Record-high temperatures, widespread flooding, famine, refugee crises; these are just some of the many and various effects of climate change which the world is experiencing now and which will only intensify as global warming worsens. Evidence clearly shows that one of the greatest causes of the climate crisis is the activities of fossil fuel companies; in 2018, 89% of global CO2 emissions came from fossil fuels and industry.
Last week ECO DU, Durham University’s climate justice group, celebrated the first big victory of their Fossil Free Careers campaign, as Durham Student Union passed a motion which will secure their support as the campaign moves forward. Durham SU has now become one of nine student unions across the country, including Cambridge and Bristol, which have passed such a motion.
The Fossil Fuel Careers campaign is a national campaign coordinated by environmental organisation People and Planet, which aims to target university career departments and their close ties with fossil fuel industries. The campaign’s goal is to push universities to adopt an Ethical Careers policy, which would cease the promotion of careers within the fossil fuel and mining industries. The campaign lists 200 of the biggest fossil fuel companies and 50 mining companies currently involved in active conflict from which university careers departments would cease to have an active relationship.
Despite the claims of large fossil fuel companies such as Exxon and Shell that they are participating in a green energy transition, research shows that progress to reach their targets for investments in renewable or low-carbon energy is minimal. Between 2010 and 2018, Shell put just 1% of its long-term investments into sources of low-carbon energy, the same amount which is spent on marketing. This comes at a time when many fossil fuel companies are reporting their greatest profits to date, with Shell recently announcing a profit of $9.5 billion between July and September, more than double its profits from the same quarter the year before.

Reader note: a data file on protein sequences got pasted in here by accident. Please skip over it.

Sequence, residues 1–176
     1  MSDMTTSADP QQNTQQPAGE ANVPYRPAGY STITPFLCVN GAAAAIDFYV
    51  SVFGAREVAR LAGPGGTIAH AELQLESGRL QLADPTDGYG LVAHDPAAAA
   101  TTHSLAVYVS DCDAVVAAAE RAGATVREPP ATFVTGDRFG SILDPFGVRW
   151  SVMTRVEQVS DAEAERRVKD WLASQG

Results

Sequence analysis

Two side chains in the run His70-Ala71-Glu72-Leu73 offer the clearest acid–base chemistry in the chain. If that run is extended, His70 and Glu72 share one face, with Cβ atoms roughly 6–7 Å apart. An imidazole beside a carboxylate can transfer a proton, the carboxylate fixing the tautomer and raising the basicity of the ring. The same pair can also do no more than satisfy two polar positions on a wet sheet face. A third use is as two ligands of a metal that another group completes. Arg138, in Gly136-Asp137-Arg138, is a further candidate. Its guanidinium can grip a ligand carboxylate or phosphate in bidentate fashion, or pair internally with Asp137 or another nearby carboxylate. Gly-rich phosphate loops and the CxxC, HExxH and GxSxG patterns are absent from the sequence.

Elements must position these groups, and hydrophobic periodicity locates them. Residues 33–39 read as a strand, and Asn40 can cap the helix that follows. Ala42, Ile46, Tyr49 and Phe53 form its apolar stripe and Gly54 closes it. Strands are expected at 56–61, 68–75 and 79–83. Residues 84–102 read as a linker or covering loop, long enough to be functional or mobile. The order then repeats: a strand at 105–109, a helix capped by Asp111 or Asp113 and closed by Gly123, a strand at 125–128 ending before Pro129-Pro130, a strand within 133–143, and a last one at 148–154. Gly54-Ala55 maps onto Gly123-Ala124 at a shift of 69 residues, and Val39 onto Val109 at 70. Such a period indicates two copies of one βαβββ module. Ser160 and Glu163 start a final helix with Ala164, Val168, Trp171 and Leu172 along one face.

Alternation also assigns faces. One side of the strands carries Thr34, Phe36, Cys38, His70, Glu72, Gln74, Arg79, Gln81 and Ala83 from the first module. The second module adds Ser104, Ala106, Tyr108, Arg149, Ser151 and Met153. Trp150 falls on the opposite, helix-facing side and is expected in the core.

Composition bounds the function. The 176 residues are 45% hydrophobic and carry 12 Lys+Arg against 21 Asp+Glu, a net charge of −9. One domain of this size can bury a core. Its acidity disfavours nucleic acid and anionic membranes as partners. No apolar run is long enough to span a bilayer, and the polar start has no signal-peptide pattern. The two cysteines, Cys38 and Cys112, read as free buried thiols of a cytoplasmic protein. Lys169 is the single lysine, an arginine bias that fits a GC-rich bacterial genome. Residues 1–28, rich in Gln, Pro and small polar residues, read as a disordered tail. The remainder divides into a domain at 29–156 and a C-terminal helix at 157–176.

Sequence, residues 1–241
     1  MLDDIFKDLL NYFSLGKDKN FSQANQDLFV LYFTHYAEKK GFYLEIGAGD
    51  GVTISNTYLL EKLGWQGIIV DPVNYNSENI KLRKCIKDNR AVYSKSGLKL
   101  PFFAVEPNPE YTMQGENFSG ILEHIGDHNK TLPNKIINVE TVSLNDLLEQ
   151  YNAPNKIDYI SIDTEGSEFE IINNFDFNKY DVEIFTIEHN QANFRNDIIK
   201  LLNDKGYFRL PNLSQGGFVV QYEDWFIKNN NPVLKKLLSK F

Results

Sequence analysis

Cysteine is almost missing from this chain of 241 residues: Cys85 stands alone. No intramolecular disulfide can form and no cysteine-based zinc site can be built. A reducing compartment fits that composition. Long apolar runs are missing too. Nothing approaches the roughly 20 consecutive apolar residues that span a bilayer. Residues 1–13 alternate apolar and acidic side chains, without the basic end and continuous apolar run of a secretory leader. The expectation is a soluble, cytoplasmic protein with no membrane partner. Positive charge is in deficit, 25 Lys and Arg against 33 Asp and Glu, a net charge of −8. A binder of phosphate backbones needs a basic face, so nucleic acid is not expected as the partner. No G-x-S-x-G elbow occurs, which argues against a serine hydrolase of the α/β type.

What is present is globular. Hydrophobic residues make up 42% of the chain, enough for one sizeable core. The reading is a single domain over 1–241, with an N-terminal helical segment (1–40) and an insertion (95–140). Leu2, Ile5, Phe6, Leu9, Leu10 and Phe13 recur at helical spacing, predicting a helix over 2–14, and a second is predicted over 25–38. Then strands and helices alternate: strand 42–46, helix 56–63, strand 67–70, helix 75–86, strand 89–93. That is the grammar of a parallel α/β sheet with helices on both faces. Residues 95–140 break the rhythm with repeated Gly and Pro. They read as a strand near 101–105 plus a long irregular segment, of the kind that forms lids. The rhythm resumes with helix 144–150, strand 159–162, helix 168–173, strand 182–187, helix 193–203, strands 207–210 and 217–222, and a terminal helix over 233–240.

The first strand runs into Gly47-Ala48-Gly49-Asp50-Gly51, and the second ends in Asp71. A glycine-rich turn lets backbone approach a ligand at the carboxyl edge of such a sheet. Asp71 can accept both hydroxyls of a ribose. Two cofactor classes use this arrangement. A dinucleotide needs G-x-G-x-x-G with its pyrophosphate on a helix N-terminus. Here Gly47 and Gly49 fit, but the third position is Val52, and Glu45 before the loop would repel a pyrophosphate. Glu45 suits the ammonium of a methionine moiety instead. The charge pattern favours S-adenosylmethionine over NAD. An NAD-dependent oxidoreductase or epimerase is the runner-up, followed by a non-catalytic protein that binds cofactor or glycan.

Not only does a career within the fossil fuel industry remain ethically ambiguous for these reasons, but it is also inherently unstable as the necessary shift to a national renewable energy plan and a green transition approaches. It is clear that students have realised the instability of such jobs; between 2013 and 2017, the number of UK graduates entering oil and gas jobs fell by 61%. The campaign hopes that, by further reducing the number of graduates who enter the industry, fossil fuel and mining companies will be forced to scale down and cease their extractivist operations and their plans for new oil and gas fields, and open the way for a green transition to renewable energy sources.
The campaign follows the move of 100 UK universities, 65% of higher education institutions, to commit to removing their investments in fossil fuel companies in the last few years, a list which includes Durham University.
The campaign has further precedent in its aims, as 20% of UK University Career departments already hold an industry-wide exclusion on ethical grounds, mainly for jobs in the tobacco, sex and gambling industries. These existing ethical careers policies demonstrate universities’ growing recognition of their duty to students in providing them with ethical careers advice which will secure them a stable job.
Concerns of the necessary impartiality of careers departments are thus unfounded, as an Ethical Careers policy does not prevent students from receiving advice about careers in the fossil fuel industry if they specifically ask, but rather will ensure such jobs are not actively advertised to students due to their fundamental instability.
In September, the campaign saw its first big success, with Birkbeck, University of London, pledging to put in place an Ethical Careers Policy which will end oil, gas, and mining recruitment on campus.
The support of the SU will be crucial as ECO DU pushes forwards with their campaign and enters into conversation with the University Careers department. A petition supporting the campaign can be found via the ECO DU Instagram or Facebook group, as well as information about how to get involved.
(Image via People and Planet.)